Otto was first elected in 2004 and like several other retirees is considered a moderate, which mostly means he wants to get stuff done rather than burn it down. It’s a bit amazing to realize that he defeated an incumbent Democrat, Dan Ellis, in 2004 – Ellis won in 2002 in what was a red but not overwhelmingly so district – John Sharp got more than 45% of the vote for Lite Guv in that 2002 race. By 2012, this was a 71.6% Romney district, so it will not be changing hands. One hopes Otto’s endorsed would-be successor is from a similar mold as he is.

Over in El Paso, a Democratic seat opens up as Rep. Marissa Marquez steps down.

Rep. Marissa Marquez

State Rep. Marisa Márquez will not seek reelection after representing El Paso for four terms in the Texas House.

The Democrat announced her retirement from House District 77 in a statement on her official website, saying she would remain an active figure in state politics.

“I am truly grateful to the many people who have worked with me on the passage of important legislation for our area and to my constituency for their support over the last eight years,” she said.

[…]

First elected in 2008, Márquez was considered somewhat of an ascendant among the outnumbered Democrats in the lower chamber. She was named by House Speaker Joe Straus as vice-chair on the House Committee on County Affairs in her sophomore term in 2011, and currently sits on the powerful House Appropriations Committee.

Rep. Marquez defeated longtime legislator Rep. Paul Moreno in a typically nasty primary, which made her less than overwhelmingly popular among her peers when she first arrived. She was viewed as a potential Craddick Dem at the time, which didn’t help either. That of course all blew over, and in the last session she made a valiant attempt at marijuana reform. President Obama carried her district 64-34 in 2012, so this is another one that will be decided in the primaries. The El Paso Times has more on Rep. Marquez. Best wishes to her and to Rep. Otto in the next phases of their lives.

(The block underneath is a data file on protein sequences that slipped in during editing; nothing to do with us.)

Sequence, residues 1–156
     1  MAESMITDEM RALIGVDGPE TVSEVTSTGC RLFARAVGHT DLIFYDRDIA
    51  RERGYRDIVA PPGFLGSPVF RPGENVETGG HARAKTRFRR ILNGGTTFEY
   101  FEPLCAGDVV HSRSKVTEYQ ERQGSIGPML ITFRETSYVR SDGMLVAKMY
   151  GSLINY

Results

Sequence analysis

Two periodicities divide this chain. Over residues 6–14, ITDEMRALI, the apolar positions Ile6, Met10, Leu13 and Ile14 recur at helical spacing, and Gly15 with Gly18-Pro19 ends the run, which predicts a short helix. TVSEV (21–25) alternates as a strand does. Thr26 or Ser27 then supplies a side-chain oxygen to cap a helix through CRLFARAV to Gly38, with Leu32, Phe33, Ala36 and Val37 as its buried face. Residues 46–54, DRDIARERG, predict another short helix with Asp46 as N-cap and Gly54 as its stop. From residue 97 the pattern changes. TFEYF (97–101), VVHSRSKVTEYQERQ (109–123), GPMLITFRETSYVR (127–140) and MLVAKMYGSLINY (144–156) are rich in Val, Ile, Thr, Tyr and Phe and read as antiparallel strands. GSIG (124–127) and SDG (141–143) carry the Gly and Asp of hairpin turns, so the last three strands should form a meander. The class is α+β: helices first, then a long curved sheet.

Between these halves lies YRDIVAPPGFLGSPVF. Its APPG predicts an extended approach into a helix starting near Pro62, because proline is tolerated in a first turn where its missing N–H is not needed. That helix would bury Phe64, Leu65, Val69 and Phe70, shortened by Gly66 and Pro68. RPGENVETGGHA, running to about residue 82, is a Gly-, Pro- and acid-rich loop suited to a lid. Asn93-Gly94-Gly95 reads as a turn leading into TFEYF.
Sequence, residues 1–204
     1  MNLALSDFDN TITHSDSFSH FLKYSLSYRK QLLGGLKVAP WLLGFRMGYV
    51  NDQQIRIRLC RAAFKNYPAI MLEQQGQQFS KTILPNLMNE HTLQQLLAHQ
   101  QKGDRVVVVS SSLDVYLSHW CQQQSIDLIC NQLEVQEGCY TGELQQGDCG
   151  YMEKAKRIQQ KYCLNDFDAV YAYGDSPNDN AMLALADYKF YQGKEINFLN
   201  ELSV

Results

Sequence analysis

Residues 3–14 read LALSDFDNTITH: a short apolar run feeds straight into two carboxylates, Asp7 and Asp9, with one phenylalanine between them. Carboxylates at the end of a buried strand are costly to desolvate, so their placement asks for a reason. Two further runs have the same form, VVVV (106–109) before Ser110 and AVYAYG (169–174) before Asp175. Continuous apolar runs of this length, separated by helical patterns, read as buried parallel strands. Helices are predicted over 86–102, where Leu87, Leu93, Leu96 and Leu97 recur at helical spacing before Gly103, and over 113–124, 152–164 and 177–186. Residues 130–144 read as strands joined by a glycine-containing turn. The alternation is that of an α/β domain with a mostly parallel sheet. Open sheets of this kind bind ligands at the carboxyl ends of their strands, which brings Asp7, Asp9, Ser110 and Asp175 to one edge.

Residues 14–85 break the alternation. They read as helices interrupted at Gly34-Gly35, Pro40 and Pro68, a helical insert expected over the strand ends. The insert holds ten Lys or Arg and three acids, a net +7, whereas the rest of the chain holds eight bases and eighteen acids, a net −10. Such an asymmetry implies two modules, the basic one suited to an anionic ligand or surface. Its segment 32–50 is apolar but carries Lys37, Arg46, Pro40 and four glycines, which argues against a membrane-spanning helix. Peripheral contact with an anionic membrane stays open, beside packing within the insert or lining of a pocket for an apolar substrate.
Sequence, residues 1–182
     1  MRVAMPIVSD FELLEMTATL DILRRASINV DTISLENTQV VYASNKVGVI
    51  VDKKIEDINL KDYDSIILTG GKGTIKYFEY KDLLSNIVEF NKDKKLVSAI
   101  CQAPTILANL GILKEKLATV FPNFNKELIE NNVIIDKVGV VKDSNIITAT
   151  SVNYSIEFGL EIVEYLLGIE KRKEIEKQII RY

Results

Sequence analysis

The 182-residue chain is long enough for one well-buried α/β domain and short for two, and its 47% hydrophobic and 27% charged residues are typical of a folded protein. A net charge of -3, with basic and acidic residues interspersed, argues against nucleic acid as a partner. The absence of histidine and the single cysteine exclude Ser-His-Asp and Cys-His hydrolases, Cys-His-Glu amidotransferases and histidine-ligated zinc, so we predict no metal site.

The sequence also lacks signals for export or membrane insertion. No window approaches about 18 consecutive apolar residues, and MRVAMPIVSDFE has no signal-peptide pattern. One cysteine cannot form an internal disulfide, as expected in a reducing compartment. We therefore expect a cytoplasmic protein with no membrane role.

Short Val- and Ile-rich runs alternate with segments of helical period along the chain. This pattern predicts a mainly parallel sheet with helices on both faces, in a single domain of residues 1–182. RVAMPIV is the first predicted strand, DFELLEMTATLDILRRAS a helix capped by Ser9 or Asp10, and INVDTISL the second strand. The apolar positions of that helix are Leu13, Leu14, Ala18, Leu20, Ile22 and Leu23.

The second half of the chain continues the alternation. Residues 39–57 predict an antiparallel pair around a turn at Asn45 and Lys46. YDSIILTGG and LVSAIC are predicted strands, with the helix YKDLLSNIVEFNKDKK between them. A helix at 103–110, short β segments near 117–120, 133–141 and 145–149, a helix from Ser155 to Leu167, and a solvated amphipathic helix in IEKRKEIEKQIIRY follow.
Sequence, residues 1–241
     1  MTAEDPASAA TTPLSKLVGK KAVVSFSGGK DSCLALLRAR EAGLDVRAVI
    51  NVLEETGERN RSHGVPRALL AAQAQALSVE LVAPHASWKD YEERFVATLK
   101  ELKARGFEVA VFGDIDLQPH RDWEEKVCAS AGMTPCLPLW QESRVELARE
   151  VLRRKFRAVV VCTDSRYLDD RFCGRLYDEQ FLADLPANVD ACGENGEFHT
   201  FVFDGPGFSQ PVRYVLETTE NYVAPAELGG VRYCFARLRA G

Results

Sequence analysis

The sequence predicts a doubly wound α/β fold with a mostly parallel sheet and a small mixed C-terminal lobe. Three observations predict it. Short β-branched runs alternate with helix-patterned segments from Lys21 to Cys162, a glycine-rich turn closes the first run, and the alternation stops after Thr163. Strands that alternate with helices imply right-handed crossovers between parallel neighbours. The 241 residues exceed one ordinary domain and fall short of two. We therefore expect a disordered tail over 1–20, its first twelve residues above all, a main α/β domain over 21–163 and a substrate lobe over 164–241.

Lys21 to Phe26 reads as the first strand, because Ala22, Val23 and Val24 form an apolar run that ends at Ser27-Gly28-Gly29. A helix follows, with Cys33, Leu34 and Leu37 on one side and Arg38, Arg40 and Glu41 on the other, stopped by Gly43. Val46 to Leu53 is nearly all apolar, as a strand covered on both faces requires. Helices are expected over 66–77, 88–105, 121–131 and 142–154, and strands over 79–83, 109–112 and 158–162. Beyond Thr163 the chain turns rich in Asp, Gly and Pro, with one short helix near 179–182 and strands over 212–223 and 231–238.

Here come the lawyers

I don’t see how the squadron of anti-equality attorneys has a case in the wake of Obergfell, but they’re gonna try their best to muck things up anyway.

RedEquality

Now, conservative attorneys are gearing up to defend [government employees who refuse to recognize gay marriage because of religious objections], saying they are confident existing laws will ensure their religious freedom. But the legal arguments they are likely to make are complex, legal experts say, and could test the courts’ capacity to balance gay rights and religious freedom.

As indicated in Paxton’s opinion, there are no blanket protections for county clerks and other government employees who reject same-sex marriage in their official capacity. Instead, the strength of religious claims are considered on a case by case basis.

County clerks, for example, must prove they are refusing to issue same-sex marriage licenses because doing so would violate a “sincerely held religious belief” — a legal standard courts are accustomed to considering, said Jeremy Dys, senior counsel at the Plano-based Liberty Institute, which specializes in religious freedom litigation.